Three years ago I took a master class with Sarah Selecky, a writer whose short fiction I've admired for years. The class was tiny. Five of us students plus Sarah around her kitchen table every Monday night for five weeks. I learned a lot in that month - how to critique other people's work, for example, and by extension how to think critically about my own. But the most important skill Sarah taught me was underwater writing.
Close your eyes. Take a deep breath. Submerge yourself fully in the scene. Smell, taste, hear, see, and feel every detail. Are you there? Are you squirming? Is it hard work? Good. Now write from that place; write from within the scene. Don't write about the scene. Don't write in circles around the scene. Don't hover above. Write from inside.
How do you know if you're doing it properly? Watch for the red flags. Abstractions are red flags. Don't say Romeo and Juliet are in love. What does love mean? How does it manifest for these characters? Show us the specific emotions and actions.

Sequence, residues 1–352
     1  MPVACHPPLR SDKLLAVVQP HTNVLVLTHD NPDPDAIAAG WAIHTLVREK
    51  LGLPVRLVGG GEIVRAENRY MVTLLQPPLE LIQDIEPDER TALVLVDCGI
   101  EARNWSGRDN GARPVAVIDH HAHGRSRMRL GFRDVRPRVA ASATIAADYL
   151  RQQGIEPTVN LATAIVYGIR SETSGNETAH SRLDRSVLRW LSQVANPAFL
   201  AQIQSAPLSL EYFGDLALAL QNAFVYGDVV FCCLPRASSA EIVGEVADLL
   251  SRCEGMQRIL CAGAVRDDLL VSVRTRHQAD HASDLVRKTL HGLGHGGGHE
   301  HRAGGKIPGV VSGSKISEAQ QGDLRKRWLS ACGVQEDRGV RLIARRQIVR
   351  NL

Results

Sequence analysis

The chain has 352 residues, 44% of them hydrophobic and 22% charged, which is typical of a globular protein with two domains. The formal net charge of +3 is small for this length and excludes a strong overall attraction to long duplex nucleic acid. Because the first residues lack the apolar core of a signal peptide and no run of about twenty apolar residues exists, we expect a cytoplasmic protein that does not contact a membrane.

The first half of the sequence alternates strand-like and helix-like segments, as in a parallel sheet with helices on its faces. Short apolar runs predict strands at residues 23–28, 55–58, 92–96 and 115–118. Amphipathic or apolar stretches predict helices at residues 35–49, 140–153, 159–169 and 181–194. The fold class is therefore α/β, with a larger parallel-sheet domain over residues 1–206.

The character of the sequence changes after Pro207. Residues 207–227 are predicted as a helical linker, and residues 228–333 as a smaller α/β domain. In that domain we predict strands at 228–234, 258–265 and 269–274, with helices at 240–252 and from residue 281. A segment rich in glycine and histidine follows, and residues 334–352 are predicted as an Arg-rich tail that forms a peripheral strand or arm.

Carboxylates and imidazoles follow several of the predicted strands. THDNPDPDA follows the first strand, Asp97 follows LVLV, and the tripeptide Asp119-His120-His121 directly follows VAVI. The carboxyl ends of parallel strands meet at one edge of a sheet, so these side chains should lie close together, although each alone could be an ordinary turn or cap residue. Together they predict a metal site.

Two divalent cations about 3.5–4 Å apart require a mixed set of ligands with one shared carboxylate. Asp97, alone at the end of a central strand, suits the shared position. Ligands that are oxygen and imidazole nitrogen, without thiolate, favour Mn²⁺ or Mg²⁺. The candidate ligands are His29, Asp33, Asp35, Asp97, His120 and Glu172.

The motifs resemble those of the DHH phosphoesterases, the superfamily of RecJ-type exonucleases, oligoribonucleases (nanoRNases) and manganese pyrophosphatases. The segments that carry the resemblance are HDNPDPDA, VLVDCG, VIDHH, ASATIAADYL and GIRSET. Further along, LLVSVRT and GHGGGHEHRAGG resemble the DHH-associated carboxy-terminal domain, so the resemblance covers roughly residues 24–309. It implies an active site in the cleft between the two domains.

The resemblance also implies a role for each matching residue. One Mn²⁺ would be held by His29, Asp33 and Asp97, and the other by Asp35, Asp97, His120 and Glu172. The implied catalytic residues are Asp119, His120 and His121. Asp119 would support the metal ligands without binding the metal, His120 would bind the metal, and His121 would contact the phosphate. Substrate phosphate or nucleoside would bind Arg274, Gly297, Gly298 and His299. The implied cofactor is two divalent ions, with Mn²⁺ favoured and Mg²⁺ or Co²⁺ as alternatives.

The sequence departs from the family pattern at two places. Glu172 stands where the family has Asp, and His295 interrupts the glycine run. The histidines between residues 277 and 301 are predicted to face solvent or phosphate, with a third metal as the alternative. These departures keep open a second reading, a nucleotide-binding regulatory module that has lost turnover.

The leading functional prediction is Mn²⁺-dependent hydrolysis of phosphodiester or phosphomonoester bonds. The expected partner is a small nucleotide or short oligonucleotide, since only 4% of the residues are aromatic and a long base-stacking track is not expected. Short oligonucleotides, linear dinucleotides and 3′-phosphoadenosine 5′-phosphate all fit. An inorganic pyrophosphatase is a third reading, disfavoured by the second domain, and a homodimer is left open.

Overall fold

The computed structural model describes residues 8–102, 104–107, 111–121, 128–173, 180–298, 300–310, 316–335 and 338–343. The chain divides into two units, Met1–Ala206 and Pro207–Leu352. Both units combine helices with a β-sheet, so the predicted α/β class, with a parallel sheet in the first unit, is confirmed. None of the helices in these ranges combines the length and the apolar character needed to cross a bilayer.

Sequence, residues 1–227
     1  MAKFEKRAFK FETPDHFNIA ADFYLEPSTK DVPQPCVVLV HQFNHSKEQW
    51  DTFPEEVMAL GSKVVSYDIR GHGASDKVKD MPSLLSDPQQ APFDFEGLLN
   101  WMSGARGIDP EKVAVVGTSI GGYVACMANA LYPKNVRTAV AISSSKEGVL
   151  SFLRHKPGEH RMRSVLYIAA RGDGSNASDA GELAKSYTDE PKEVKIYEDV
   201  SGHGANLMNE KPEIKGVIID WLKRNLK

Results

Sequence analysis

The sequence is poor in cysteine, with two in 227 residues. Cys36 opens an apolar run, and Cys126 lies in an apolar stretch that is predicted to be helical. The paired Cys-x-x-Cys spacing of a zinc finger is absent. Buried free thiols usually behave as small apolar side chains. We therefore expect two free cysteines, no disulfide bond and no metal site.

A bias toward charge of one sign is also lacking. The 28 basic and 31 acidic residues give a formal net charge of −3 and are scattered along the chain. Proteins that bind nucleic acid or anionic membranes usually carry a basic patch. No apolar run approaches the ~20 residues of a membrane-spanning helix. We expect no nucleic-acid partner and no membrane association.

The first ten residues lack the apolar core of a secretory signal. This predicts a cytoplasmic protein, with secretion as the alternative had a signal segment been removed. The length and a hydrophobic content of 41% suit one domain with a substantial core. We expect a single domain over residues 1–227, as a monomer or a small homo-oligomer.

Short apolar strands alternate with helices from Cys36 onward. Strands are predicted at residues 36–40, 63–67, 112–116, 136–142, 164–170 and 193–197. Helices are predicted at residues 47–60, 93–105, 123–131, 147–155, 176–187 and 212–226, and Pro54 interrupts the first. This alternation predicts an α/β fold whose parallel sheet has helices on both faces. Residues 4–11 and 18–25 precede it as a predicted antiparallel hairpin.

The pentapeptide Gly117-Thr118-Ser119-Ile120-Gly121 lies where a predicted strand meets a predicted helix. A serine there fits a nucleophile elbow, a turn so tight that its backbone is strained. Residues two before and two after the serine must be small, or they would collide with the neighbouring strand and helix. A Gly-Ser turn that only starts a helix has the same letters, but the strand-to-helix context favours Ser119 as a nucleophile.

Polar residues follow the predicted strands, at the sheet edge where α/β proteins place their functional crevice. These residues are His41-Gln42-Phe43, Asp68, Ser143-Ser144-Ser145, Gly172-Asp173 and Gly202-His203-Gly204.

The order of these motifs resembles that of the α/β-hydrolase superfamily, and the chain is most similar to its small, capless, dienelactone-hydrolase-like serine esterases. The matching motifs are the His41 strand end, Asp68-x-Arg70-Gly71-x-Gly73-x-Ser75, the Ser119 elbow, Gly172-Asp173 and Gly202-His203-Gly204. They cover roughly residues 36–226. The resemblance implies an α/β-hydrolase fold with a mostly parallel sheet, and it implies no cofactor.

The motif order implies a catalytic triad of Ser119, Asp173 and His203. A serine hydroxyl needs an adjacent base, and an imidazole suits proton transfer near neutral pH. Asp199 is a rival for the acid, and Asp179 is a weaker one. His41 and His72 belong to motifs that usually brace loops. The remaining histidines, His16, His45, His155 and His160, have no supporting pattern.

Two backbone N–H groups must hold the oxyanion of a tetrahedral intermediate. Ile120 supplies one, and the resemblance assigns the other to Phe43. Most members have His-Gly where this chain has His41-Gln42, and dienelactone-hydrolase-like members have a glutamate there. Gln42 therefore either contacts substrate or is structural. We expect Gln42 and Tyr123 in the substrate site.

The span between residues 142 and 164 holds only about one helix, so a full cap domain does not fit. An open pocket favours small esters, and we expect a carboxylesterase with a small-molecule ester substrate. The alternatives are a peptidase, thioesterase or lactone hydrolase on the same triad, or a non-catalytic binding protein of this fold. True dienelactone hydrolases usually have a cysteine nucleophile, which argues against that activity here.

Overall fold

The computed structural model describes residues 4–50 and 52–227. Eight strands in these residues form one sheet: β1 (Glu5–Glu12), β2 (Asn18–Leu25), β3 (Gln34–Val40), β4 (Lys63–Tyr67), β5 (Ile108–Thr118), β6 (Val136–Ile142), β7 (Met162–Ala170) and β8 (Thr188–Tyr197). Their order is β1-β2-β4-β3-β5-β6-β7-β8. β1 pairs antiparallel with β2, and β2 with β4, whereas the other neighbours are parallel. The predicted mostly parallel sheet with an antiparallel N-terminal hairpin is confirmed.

Efficient language is another red flag (ditto: cliches). Words like happy, angry, and impatient have become a kind of short hand, so shopworn as to be skimmable. Don't tell us a character is sad. Show us the rapid blinking of the watery eyes. Let us feel the slump of the shoulders. Conjure melancholy without using that word.
The word "something" is another flag. Like efficient language and abstractions it is a first draft placeholder. But in the revisions, you must articulate what the something is.
Don't trust the word suddenly. Cross it out. Make the action feel sudden.
Once you get the hang of it, cliched and lazy writing are easy to spot. A more pernicious problem is beautiful language. "Don't be deceived by well crafted sentences that write AROUND an experience," Sarah told us. "Write the experience. Don't write ABOUT it. Write from WITHIN it."
This is the toughest part of writing. Articulating every emotion and action, that's slow going, gruelling work. It's the real reason writers are tortured and turn to hard liquor. Writing is drowning.